Rookie Sleepers Worth Dynasty League Consideration

27 Jul 2016 - 11:15am | Roto Coach | Updated: 29 Jul 2017 - 12:21pm | Likes: 0 Like 
Rookie Sleepers Worth Dynasty Consideration

It’s always difficult to categorize dynasty rookie sleepers early on in the preseason because depth charts tend to be a very fluid situation heading into camp. As such, I’ve profiled half a dozen interesting potential sleepers who were either selected on the final day of the draft or signed shortly afterward as undrafted rookie free agents. All of the players mentioned below should be in the mix for one of their team’s final roster spots, and each could pay off nicely for patient dynasty league owners in the next couple of seasons.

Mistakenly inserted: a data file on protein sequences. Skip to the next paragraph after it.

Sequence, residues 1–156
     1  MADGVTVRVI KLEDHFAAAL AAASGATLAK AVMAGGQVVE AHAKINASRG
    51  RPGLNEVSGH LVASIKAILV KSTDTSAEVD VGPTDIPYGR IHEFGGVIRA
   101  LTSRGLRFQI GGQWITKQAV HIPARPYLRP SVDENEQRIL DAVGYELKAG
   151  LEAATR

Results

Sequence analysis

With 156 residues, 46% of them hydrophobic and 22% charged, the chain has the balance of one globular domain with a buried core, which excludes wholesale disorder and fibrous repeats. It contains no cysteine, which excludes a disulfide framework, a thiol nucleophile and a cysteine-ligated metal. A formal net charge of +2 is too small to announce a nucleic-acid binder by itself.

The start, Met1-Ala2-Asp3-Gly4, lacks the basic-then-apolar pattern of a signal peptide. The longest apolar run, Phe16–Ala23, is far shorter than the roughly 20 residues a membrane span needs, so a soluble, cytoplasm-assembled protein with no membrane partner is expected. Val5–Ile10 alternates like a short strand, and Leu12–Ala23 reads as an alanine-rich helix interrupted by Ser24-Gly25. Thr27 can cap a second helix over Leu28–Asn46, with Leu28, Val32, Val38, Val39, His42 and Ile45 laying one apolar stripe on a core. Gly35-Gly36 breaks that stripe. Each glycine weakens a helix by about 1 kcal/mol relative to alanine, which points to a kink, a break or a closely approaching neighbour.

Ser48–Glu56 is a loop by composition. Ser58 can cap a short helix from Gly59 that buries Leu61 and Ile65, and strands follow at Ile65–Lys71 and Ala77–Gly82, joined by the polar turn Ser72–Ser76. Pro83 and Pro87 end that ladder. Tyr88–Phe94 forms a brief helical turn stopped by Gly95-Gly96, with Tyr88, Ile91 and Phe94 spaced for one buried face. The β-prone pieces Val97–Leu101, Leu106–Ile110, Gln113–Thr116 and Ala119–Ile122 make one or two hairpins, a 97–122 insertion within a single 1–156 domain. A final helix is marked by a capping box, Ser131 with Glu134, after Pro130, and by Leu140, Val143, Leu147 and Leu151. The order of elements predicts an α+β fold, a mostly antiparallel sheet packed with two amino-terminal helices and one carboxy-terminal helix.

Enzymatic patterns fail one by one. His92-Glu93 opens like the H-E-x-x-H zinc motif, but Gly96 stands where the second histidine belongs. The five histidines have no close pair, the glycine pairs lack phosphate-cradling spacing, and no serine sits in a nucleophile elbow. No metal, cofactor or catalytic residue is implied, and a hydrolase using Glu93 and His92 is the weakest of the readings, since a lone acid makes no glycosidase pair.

Jeff Driskel-QB-San Francisco 49ers: Once a blue chip recruit for the Gators, the dual threat Driskel drew favorable comparisons to Tim Tebow from the moment he committed to Florida, and after a strong sophomore season he seemed well on his way to fulfilling that promise. But injuries and coaching changes undermined his next couple seasons with the Gators, and Driskel headed to Louisiana Tech as a graduate transfer to play his final college season. There he seemed to put it all together for a strong final NCAA season that saw him throw for more than 4000 yards and 27 touchdowns, and rush for another 300 yards and 5 scores. And while Driskel was certainly playing against weaker competition, the skill set that many scouts had raved about coming into college was fully on display in 2015. Driskel doesn’t enter the 2016 season as an NFL-ready quarterback. Instead, he’s more of a work in progress with a fantastic profile-prototypical quarterback size, a strong arm, and well above average speed for the position. His skill set is a strong one to build upon, but merits an extra degree of attention due to his landing spot-a Chip Kelly offense. The 49ers seem ready to enter the 2016 season with Blaine Gabbert at the helm, but you’d be hard pressed to sell the former first round bust as the long-term answer at quarterback for the 49ers. Still in the mix is Colin Kaepernick, who’s arrow has firmly pointed down since leading the 49ers to the Super Bowl in 2012, but seems poised to try to resurrect his career under Kelly. That said neither player seems to be genuine fit for what Chip Kelly likes to do on offense. Gabbert lacks elite athleticism and Kaepernick has always struggled with the mental part of the game. Enter Jeff Driskel, whose talent and skill set may be the best suited of the three. He’s not quite as athletic as Kaepernick, but Driskel is still elusive in the open field and capable of excelling in a zone-read scheme. His college tape also suggests he may already read and process defenses more quickly as well. His strong decision making with the football suggests a level of maturity and understanding that has always plagued Kaepernick, despite his physical talents. By no means should we expect Driskel to threaten for playing time early in 2016, but he should be firmly on your dynasty radar. Unlike in Philadelphia, Chip Kelly won’t be expected to win right away, and if he believes Driskel can be his quarterback of the future we could even see the rookie under center in the second half of 2016.